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Lethbridge Herald Newspaper Archives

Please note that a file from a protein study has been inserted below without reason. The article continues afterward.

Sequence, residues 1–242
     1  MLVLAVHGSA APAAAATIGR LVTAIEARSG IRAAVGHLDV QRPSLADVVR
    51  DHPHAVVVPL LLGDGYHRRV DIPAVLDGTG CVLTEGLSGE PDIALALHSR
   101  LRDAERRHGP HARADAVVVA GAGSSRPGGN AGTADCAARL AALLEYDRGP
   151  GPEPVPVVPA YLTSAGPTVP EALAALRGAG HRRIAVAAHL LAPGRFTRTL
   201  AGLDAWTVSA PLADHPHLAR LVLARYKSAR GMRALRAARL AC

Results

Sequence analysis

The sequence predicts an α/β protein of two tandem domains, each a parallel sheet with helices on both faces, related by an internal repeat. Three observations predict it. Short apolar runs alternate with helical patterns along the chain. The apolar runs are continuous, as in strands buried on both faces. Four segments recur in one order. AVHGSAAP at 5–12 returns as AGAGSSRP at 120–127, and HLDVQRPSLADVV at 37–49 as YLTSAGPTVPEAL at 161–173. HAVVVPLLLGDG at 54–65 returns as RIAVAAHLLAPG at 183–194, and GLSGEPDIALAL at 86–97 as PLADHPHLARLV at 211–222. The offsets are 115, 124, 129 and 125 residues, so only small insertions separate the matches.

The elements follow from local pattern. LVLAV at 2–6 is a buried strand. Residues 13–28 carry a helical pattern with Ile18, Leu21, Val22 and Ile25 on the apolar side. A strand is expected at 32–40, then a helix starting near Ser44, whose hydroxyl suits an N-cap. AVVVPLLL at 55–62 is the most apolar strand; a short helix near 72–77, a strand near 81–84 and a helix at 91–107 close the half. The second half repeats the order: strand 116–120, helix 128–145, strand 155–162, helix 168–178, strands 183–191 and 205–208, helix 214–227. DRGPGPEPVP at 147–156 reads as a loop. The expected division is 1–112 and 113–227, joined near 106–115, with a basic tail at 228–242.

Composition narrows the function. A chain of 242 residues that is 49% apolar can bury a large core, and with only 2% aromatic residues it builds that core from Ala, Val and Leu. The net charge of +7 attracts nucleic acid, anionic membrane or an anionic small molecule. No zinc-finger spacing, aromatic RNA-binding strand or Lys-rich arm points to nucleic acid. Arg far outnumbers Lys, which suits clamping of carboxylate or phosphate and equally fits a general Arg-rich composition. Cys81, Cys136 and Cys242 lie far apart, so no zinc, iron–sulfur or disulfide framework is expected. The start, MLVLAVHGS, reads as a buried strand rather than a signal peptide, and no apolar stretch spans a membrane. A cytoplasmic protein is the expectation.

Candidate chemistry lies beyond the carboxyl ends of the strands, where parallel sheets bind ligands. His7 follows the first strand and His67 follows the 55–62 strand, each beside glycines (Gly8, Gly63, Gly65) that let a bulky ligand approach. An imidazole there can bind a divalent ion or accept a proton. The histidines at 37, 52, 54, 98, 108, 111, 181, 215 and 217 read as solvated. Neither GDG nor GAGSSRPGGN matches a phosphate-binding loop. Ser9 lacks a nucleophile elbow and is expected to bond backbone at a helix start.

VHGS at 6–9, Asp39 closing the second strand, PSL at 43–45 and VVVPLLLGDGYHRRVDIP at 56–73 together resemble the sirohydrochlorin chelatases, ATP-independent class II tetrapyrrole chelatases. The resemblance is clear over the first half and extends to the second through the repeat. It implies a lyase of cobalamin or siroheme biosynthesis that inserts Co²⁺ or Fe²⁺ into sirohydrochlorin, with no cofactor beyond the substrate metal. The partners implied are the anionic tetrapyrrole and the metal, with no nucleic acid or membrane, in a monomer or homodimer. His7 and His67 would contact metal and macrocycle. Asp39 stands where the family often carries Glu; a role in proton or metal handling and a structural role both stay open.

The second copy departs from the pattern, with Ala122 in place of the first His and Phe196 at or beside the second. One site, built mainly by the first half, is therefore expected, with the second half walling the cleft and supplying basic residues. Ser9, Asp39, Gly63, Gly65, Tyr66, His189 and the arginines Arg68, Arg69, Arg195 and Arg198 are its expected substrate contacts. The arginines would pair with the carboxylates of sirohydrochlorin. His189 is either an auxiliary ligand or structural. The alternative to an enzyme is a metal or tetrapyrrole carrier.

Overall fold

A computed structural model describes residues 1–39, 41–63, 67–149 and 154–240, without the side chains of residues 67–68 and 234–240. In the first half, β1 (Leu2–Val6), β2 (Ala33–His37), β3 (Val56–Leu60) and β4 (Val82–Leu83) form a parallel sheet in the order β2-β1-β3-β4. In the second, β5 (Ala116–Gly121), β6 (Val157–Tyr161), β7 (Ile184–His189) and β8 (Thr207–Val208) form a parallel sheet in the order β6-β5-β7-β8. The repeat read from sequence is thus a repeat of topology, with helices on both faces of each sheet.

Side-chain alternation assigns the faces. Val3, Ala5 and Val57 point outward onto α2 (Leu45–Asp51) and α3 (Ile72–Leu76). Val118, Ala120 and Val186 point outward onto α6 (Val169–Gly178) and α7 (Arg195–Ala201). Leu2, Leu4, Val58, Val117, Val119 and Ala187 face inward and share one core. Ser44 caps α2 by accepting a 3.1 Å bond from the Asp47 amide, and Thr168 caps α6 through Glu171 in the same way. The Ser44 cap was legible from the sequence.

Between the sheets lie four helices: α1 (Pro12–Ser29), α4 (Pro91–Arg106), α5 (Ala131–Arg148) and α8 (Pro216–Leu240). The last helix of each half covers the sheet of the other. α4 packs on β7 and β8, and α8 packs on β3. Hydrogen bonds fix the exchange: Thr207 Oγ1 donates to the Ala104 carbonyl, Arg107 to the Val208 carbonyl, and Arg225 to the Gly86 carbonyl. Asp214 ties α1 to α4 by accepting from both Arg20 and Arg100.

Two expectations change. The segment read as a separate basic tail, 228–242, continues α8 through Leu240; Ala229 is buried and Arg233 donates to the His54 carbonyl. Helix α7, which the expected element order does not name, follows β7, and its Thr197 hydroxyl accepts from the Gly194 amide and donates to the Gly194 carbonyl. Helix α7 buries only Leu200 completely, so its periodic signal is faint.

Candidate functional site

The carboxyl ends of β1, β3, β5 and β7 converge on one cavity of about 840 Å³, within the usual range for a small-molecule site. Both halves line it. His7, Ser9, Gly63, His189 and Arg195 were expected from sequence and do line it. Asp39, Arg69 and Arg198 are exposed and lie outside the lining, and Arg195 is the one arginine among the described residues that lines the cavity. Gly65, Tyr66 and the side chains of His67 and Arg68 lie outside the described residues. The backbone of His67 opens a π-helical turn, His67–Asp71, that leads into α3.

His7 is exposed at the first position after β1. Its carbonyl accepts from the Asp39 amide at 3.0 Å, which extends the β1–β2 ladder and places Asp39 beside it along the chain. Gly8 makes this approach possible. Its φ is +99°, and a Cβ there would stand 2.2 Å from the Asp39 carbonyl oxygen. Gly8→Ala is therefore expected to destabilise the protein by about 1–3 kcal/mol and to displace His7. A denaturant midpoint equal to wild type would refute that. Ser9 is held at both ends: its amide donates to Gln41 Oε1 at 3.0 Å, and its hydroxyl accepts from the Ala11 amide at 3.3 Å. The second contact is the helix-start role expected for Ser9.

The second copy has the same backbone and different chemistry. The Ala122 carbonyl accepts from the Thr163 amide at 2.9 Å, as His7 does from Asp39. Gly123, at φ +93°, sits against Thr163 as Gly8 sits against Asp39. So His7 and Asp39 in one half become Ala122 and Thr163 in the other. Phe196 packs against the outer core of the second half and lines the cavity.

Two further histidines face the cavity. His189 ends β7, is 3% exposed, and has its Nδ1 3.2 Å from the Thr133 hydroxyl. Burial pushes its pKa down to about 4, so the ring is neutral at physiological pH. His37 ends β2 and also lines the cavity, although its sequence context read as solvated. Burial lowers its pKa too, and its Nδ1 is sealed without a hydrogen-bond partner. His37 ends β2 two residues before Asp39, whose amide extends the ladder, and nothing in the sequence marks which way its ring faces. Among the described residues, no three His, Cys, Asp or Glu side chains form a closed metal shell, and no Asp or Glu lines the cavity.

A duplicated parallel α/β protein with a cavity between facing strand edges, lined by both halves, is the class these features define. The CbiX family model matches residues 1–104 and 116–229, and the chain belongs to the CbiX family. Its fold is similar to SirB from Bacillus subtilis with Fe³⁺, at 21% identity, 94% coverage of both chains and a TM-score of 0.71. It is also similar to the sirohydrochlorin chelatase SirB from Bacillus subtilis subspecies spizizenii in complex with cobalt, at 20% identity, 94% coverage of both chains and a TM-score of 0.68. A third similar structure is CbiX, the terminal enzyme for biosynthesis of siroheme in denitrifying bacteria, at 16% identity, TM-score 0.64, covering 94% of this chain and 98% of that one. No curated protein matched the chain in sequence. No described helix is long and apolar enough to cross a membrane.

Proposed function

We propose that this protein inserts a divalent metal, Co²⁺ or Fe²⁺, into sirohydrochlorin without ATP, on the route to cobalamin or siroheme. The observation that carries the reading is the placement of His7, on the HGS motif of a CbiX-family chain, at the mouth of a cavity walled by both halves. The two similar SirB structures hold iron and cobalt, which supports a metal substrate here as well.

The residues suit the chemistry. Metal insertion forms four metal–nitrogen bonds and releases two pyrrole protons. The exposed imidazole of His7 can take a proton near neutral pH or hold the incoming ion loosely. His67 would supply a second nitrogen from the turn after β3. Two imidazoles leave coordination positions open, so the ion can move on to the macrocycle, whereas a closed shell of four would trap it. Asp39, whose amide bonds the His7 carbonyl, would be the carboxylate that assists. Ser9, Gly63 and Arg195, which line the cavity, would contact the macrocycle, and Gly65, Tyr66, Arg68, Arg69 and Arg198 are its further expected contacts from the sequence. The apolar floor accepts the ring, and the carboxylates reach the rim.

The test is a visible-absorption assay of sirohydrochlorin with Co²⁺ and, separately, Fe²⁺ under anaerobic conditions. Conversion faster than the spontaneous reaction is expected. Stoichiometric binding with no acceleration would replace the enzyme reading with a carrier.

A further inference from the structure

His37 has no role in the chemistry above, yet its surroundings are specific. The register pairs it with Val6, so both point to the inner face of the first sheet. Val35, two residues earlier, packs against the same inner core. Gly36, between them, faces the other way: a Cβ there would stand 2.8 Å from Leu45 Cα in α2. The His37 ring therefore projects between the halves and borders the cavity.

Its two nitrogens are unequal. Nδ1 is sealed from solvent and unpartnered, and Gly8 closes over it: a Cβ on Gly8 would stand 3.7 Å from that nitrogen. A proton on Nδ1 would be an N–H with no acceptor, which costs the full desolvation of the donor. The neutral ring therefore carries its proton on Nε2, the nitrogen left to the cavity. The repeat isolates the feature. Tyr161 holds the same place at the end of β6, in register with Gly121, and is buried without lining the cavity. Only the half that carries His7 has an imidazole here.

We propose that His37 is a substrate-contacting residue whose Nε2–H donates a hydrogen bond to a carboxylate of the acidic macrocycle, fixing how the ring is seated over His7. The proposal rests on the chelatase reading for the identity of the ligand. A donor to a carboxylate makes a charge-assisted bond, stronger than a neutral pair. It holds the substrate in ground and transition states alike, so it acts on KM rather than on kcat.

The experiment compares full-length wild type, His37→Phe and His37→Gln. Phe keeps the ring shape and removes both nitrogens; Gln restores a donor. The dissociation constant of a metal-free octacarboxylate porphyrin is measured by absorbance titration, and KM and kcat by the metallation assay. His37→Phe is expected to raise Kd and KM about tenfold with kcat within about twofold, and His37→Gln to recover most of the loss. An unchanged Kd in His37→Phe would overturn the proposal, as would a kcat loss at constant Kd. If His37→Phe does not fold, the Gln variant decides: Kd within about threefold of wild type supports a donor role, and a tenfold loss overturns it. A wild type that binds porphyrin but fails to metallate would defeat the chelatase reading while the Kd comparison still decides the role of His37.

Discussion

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Lethbridge Herald (Newspaper) - December 20, 1906, Lethbridge, Alberta Plasttring! Plastering! Oraft^ottl PlMUring. ,XA.SLADI!.Lethbrid^. SAVt MONEY NOW - - I oaa Mil yon loto now in l^bor for $100, that will be elling at 1900 in a month's Good Farming Land for sale W. r. MU9SCLL Bed! Batate Agent Tabor. Alta. SMOKE ^ Lcthbridgf Belle Havana Smoker T. W. HAMLAHAN MamrrACTUBU In the Wilds of Keewatln. CHOICE ANDIES AXES 6 EST READ UNS City Bakery F. C. CooHe, Prop, jntpiis or Cmadiaii Nortb-West NOMESTEAO REaUUTiONS. Amy Mm anmbercrt acctloa o Oomluton LMt* IB MuiUoba. Sukatctacwaa and Alb�ra, �lC*pllac I a&ii a torn tm Iho *lciDlty of ibo laud tatarod fur tbo fMttMMau aa to raaldcaea mav be aatiafled by aiMh tcraoa raaldtac with tba father or 1. U 111* acinar haahia yenaaaeat rcaldenee upo* fanalaf laad awaad by him la the *lein-liyof hiahemaauad. tbe retiulramenu aa to raaMaace may b� aatiafled by realdcoce upon ihaaaM laad. Sla moaha' aoUee la wrttlac ahould be Htcd la tka OemaUaaleacr of OomliUoB l.aB dj, eto. Hot tea, coffee and chocolate a specialty. CWlftnipeg Free Preas.) Bishop Lolthoust. oC Konoia. wj.o is probably tha best infonued matt on Kccwatin teri^itory nml Inntl o'djncent to Hudson's Bay, tho district over which thfl boimdary disp\�t* has ivo-entt.v bcon occiipying public attontion is in Ihe city, and was interviewed by n Tree Press rci>oilcr last evening. His lordship has jiLs-t conio througb from K�Dora to ope� a church at Barwick. Bcocntiy he was in lUiny River diatrtct accoiuplishinsr * ilar purpoM mt Emo. IlarwicK wiill he tbe fourth Church he has opened this* year, the other two ,>)ein� at Lme du Bontiet and Split Liake, on the Nelson river. "AM our work,in the northern P�r-tiion of Keewaitin is among the Indiana." he aaid. "We have no white work, of eourae. There are only a fo\r Hudson Day poata, which are our atwtiona alao. This summer I tMive spent three months in Koewatin. I started on May 29, and got back on Aug. 13. having trawlled 2.000 inilea in my Peterboro canoe. We have six indinn miaaions in the north-�l I of them very tinport�nt and some of them large; the aggrv -g�te there would be 2,000 Indians under my ciiarge. I began my itin erary from Dinorwic, and wenWhcnce to Ldic Seul, liO miles, and onwards to Oat lake 150 miles. From t�ie last place, I travelled 400 miles up to Trout lake. ARE ALL INDIANS. "No white men, practically speaking, have been up there. Some of the geological sur%'eyors have boon part ot the way hut they have never boon right through. 1 got some of the Trout lake Indians to meet me at Cat lake to conduct me over the country. Troitt lake is one of the largest miteions in the north. We have fully 600 Indians in connection therewith. I was at Trout Lake two Sundays, and on the second I confirmed 70, 201 communicants being pretmtt. There was a service ewry Bight in the week, and the eongre -gotioa was never less than 850. Tbe missionary is a fuWy ordained Cree. There was only one European at tho place, a Scotsman. Tho Indians in the north are an exceedingly nice class of people; they live by hunting and fishing. Seventy per cent, can road in their own tonguw, being in posscesion of BdbkM and hymn books. They Join heart.ly in religious services. Not 5 per cent, of them understand the t^nglish language. They will undoitbtoclly come Into contact with the|�'bit� man tn t*ne, bttt it w^ll be a great danger lor our missions, as they usually come into contact with tho worst specimens. In opening a country you ge't people of the humbler class, PEW l>yiNK LIQUOR. "Ninety-nine per cent of the Indians have never tasted liquor, it is pract.cally unknown among them. The Hudson's Ray officer is the only person who obtains liquor and his supply would be only two or three bottles once a year, when his provisions arrive. Prom Troitt lake I went to Severn, oibthe west shores of the bay, where we ha\-e a small mission of about 120 people. Thence I journeyed to York Factor}'. We hav� a staitlon at Fort' Churchill, where I spent eighteen years of my life, hut, 1 did not go thither. My tuissionary came down and met tvit ivt York factory. Port Churchill is our most northerly station." H'.s lordship was asked the nnitiro of tho country, and replied: "There is very little to l^c s��n within 100 miles pf the const. Some of the river sides are sparsely fledged with light timber. It in practically a skMI-RARREN COUNTRY. within a belt of lOO miles o( tha !>hon>a ot HiMlson's bay. The west .shores are flat until you approach within iii'toon milcn of Fort Church-hill. They are swainpy also and the tide runs out five to seven miles in places. There is not a v.s4igo o( tree life. Rock crops out fiftct-n nulSB south of the Fort. This formation is a continuation of the granite at Kenora, which runs north across the Nelson, and heigl>t o( land, forming later the bed. ihrotigh which tlto Churchill river flows. Tho rocky ground extends to five miles north of tho Fort, after which the land aga:n hocoinos flat for nearly 200 raik!S, until ^uimaux is reached. 1 have been over almost every inch of H. There is not a post or mission station on tho Hudson Bey that I have not been in." The interviewer referred to the cir-cunnstnnce that. Manitolm was claiming the countrj.-, and his. lordship said: "It should belong to j'oiir province undoubtedly. Of coiirse, the great idea in claimring that country is simply to get an outlet for 'Mcanvtoba on Hudson's Bay. I am afraid there is certainly no possiHility of growing grain in that region sklirting the shores. We could raise no vegotal>les of any kind. Of course, 100 miles from tho' coa.st, you may probatly raise potatoes, turnips, etc., but there is no ^vh^at land whatewr. By this 1 �to not mean to say that there nro wot small patches here and there. You might obtain an acre or two of arable land ly delving in among tbe rocks as we do .n Kenora. But there is an uncertain amount^ of lumber, which is nearly all small. COUNTRY .SWEPT BY FIRE. "At tho mouth of tho river," hs sjvid, "thcr.? is a small, land-lockcd bnsin, two miles .n diaii;ctcr, with very good hol^ling groiuid aiMi deep v-rtter. In tl�e channel the river narrows down to a little over a (Quarter of.a mile. There in n rocky promontory 1�0 yards from tho south shore. A poiirt runs out from tho north, which breaks the winds and affords e.xccllent shelter. The harbor i!i shut oitt entirely, Tho Hiuison's Bay Co. hiivc a whaling shanty on tlw south side. The land is fairly high.beiiiG: from 50 to 75 feet, and although bleak aitd dreai^y. ii if^ hoal thy. The Churchill th is oimn nM tha year round. Although thctv is a grwiit deal of ico in tho bay it in open too. Tho Htidson's Bay Co.'s,vessels como in at end of July and beginning of .\iigu�t, hav;ng no difHcuIty what -ever in navigating It,'from the end of June until the close of October." SERVICEABLE lUOHT. His lordship here described a scc-viceable . tight from Cape Churchill to Long Point, which, being in the form of an oquilaterial triangle, was 4^* miles across at the base of tho triangle. Tho construction at the nock of the Churchill river, whirfi is one of the lai^cst in the DonuiVion, causes the waiters to flow out to sea at a very high velocity, gushi�g as througb a sluice." "Do you think wc can get through tho straits in winter?" the intorvicTv-er inquired. STRAITS NOT NAVIOABLB. would be impracUcal only a month earler than it was by the St. Imw-ronco. In fact, they would iTnd more open water at the end of November than there was in tho gulf. The l>is-hop mentioned that tho average tide at the Churchill river wasi fourtg our way through -tmmt counfrj'. There is no heavy tim*)er. Of course there an sections in the river i)ods where you inLght obtain timber 6 or 8 inches, and you might get a few ties. No timber limits exist. You might ted sufficient to put up a shanty or two, perhaps. That descrii>es praotitolly tho country 40O mites from lake Winnipeg. � At Norway House a garden has been cultivated, but really there is no agricultural land. I have been througb the whole country up tha Hayes, down the Nelson, the Churchill and . Seal rivers. During the summer mosqjuitoes abound in my -riftds over the swamps. We crossed in the first 300 miles going from Dinorwic to Trout lake 102 portages many of them over a mile long. One was owr three milea aitd another nine miles and most of them were swampy." HARBOR FACILITIES. When he proceeded to speak of the harbor facilities at Fort ChurcniU, Bishop Lotihouae was more appreciative. Ja Wa Kean & Co Opposite P. O. 'Phone 98 Olaaing Omining | W. M. SARSER. Painter and Decorator % Oarriage Panting a specialty Xalaomining Paperhanging { I TOWN LOTS^ 1 BaakleDtial Loto im Bloeks ,| fCP^�id"F," Appjyto I a MAGIBTH % Rati Eatote aad Inaoianoe. Bank of Montreal ESTABLISHED 1817 Capital aU mM ��...................tl4.NMM RMfrv�4Faai...................... MJM,Nt Balsacc Profit aal Lsa.............. Ml.llf Head Office, Montreal PRE8ZOSNT: RisBT noM. loan hTaATBcoaA a�d nooar boyal. o. o. m. o. VXCC-PnS8YDSNT: HON. sia eioRoa a. DaoMnoMO, x. O, m, 0. a. �. OLODSTOM. oiaaaai, MAMaeaa Brancnes and Agencies at all Ui� principal points in Canada Also in London, Englai.d, Naw York, Chicago. ' Spokane and ITewfoundland Travellers' Circular Letteraol Credit and Commercial Credits issued tor use in all parts of the world. COI.LECTIONS MADB ON FAVORABLE TERUS Dntts aoM avallabls at all pelata In Ualied Sutaa, Baropa laad Canada Intaraat alleweil en 4*^mlta at eurr�nt>at�a Lethbridge Branch - fiSJ^ RCCVC 'I do not think it is pos.sible." Bishop Lofthouso answered, "J. W. Tyrrell, a friend of min.s on tha other Bide of the stra.ts. "The current is very strong. Of course, if it had baen a stctunship. w� need never have gon:; into the ice But it was the only thing to idowith a sailing vessel-to put it into the ice. 'iho straits are fully tw-enty miles tvide in th�f narrowest Part, and if you can't get through the moving ice one way you can generally do so another. American whalcns have no difficulty in nav'\'\' '.o TELEPHONE NO. 1 -FOR ALL KINDS OF- Fresh and Salt Meats Fish, Poultry, Etc. PIGHE & MIBON "I have every faith in the Hudsons Boy railway," his lordship said. "It is bound to come in the course of years. There was great talk about it when I ariHvod hero in 1883. It was going through then, but I knew it was an utter .mpossibility. I nave, however, always been a firm believer in the Hudson's Bay railway. When the west is i>eoplod, a demand is bound to be mode for transit to Hudson's b�y. But If would require an enormous amount of n>oney. We may also find that it is not so difficult to navigate the stralits as we think. At present we know little about their navigation, because it has ocvor been tried to any extent. 1 doubt whother the scheme will be financially successful for many years to con�o. The railway, which you will run from the north end of Lake Winnipeg or from Saskatchewan, will traverse country, which cannot food a railway. Tbe construction, however, will not bo costly, as there appears to ba no considerable engineering dlAcuHiea. Of courae, as to the aibsenoo of any places to feed the raHway. the same objection might have been made to the strength of railway between Winnipeg and Fort William. VThe next financial diflteuttywpuld be An getting grain carrying vessels properly sheathed and equipped to bot'tlfl with the ice. Then, as to tho route it wouldn't bo open for more than, four or five months of the year, they wouM.be lying idle, probably." Bishop Lblihouas explained that tha ordinary freight abip would be smaahed up like a match-box if it collided with the ice. "I remember, ho remarked. "Ktarxt;ng on HOTEL TABER, ALTA. Irvine & Lemon, - Proprietors RotM $1.50 ioiid $2.00 par Day FKEE BUS MEETS ALL TRAINS SAMPLE ROOMS IN CONNECTION \o:t.^oHoyxci:o:o:oH:oio:o:o:oToTo:oTo:oTo:^^^ AS A OHAIX ROUTE. "Bp you don't consider th�t it ought to be a grain route?" tbe ia-tiorviewvr queried. "I think it can be utiliaed. undoubtedly, for tho short season, and that a very largia amount of grain can bo carrM from Churchill to Liverpool, biH thwo will always bo a certain amount of riak in navigat* ion." Hia lordship added that a portioi| of the ysar's wheat mighi bs ti�n�-portad wlthla ths year. XavlgatloB A Board of Trade boa been.. or -ganiaod ait Pinchcr Creek with these officers: Prea.. II. E. Hyde: Vice-JPrealdent, W.; 6. Lynch: Secretary Troaaurar. A. O. Kammis: Council, Dr. Waraock. R. T. Sauadera, J. B. Woods. A. H.. Lynch-StauBtbn, T.' H. Hinton. Vt. H, Do^fi. 1 New aettten oa tbeir way to locate in thia: district and who had -ex . perienoed sonae of the Macleod and PIncher Creek' windy weather wore telling aoina tall yarns on the Saturday afternoon . train. <^ man afflmted that lik saw tin dishes turned inside oiit aai} another informed his haarera that it was not an uncommon thing to see the bottom blown out of an ordinary baer bot< -tie if it chaaced to be turned with the neck towards tlta wind. It was further stateil that if a bottle of thie glass was turned neck towards the atorm it beeane ao'lnflained that, its expansion aad contraction could-; ,ti� easily aeen at souis ttiaiance; as the wind strengthened or abateid^ until It wouM fkiaHy tunt or Uid bottom fly ottt. Some of the pasaengere in tbe train were of the opinion iho awn irero aJM�fftratlag.-Ex. The Hotel Windsor H. B* MODBACHt Plropristor Every attention given the travelling Jf^hUo Feed Stable in oonneotioh Telepl�one 47 Landseiekera' and Rancher's Headquarters CHRISTMAS CIFT3 FOR EVERYBODY CarvioR Sets, Silver Tea Kettles, Tea Sets, Kniveti, Silver Tea .Pots,el^. Buster Brown Child's Sets, 35c. to 7oo. Gillette Safety Raaohi, $5.00. See our windows. The ^?i9tra1 Hirdwarc Store ^ G. La VROOMAN ^ ;